They may have been there for ages, but I just noticed that three of the best stories from Conjunctions: 39, The New Wave Fabulists are excerpted online: "Entertaining Angels Unawares" by M. John Harrison, "Lull" by Kelly Link, and "The Girlhood of Shakespeare's Heroines" by John Crowley.
Now hear me grumble. These are teasers! Magnificent stories, but only the beginnings of them. Not just little bits, but pages, and then, suddenly, a note: "The complete text of [title] can be found in the print issue of Conjunctions:39, The New Wave Fabulists." There's enough of the Harrison and Crowley to cause the average reader to be able to decide whether they want to spend the money to buy that issue, but there just isn't enough of "Lull" to get a sense of what Kelly Link is up to.
I think I'm getting too used to having whole stories available on the Web. I shouldn't be greedy. The authors and editors need to get paid for their work, particularly since it is such fine work. (I probably wouldn't mind if it weren't that I'm constantly recommending both the Harrison and Link stories to people.) Dan Green recently made the case for literary magazines to offer more content on the web, and I would certainly agree, not only because it makes it easier for me to link to things I write about here, but because it allows people to have a broader knowledge of what is being published. Of course, I can understand that journals with tight budgets must fear losing subscribers if they offer too much. (Maybe we should sic Cory Doctorow on them.)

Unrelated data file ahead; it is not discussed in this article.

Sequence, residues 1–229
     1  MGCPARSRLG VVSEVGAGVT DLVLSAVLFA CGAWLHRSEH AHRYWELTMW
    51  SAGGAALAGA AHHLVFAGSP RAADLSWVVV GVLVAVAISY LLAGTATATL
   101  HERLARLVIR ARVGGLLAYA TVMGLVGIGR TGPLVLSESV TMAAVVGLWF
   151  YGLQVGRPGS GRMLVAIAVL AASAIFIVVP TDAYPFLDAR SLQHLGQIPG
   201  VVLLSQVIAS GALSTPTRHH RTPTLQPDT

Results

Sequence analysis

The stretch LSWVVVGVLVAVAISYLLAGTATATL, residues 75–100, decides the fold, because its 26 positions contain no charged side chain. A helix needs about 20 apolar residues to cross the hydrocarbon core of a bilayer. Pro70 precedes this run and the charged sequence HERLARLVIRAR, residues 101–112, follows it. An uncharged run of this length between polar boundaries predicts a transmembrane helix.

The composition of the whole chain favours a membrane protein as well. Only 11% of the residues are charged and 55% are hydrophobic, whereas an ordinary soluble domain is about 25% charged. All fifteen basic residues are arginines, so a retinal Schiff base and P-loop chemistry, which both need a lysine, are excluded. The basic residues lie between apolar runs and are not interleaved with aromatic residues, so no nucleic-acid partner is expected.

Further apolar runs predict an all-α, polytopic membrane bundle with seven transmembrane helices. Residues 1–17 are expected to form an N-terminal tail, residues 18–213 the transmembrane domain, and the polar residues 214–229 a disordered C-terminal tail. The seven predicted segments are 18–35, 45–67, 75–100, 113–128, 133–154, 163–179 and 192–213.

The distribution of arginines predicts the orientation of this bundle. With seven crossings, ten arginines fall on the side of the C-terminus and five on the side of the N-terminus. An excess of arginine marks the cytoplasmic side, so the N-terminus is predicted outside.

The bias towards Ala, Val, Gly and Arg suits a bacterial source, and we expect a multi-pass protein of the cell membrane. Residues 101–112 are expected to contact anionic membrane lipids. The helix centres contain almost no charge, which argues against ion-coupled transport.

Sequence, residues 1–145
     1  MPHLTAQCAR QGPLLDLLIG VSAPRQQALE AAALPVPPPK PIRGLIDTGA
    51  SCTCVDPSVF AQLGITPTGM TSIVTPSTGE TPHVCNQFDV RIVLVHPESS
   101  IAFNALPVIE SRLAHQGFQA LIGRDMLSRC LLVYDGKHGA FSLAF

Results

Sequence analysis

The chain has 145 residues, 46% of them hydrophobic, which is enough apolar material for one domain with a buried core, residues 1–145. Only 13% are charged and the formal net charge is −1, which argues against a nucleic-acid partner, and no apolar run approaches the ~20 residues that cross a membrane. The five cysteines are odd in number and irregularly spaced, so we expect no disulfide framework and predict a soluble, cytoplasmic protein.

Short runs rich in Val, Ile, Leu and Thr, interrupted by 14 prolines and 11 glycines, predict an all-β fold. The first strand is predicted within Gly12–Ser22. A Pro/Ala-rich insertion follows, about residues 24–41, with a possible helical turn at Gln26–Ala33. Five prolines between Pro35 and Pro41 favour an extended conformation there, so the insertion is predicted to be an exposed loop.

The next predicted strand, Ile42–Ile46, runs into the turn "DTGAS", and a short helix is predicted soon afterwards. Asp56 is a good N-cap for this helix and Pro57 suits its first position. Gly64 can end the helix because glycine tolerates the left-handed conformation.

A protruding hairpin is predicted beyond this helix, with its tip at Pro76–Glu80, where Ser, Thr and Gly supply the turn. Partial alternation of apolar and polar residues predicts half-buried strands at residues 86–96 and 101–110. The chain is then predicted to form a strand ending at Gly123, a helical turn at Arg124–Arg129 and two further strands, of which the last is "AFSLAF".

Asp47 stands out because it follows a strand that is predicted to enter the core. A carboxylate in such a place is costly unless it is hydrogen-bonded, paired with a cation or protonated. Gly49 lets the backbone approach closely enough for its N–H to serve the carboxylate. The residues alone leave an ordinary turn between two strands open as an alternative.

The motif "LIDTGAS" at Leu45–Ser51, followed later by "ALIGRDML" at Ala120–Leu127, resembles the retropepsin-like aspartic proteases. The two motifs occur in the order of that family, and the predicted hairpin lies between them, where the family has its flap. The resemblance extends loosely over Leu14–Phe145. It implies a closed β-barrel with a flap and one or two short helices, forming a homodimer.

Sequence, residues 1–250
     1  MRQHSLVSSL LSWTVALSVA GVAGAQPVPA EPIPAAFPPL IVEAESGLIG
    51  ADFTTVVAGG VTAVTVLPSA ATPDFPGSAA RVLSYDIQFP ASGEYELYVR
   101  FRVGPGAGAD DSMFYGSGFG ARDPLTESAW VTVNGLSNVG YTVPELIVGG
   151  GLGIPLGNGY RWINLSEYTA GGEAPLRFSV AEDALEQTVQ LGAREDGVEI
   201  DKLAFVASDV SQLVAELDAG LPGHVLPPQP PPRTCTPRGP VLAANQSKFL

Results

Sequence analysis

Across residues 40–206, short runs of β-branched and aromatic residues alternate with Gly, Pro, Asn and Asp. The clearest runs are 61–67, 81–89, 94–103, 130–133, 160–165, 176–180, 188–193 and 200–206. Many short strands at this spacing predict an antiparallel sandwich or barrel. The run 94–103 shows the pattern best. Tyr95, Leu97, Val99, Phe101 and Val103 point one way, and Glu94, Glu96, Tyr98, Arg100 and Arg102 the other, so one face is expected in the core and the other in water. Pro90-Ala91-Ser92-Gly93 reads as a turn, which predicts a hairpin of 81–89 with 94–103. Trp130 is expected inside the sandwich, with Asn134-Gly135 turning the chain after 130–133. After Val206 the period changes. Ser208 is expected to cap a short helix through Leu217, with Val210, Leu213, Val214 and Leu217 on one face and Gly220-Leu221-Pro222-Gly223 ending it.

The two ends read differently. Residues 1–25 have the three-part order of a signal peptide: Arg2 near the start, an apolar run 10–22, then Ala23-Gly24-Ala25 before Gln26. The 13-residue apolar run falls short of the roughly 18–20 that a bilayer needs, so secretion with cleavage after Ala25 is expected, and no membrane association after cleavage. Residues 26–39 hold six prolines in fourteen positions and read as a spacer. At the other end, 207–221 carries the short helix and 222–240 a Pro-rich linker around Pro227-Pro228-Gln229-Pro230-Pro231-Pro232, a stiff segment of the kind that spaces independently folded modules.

Some things, not published in the print version of the journal, are available complete, though, such as Paul LaFarge's "Demons: A Story in 19 Volumes". (By the way, if you like surreal fantasy, be sure to look at LaFarge's The Artist of the Missing and Haussmann, or the Distinction. The first reads like Kafka and Angela Carter, the second like Borges channelling Dickens.) Plenty of good poetry and such there too.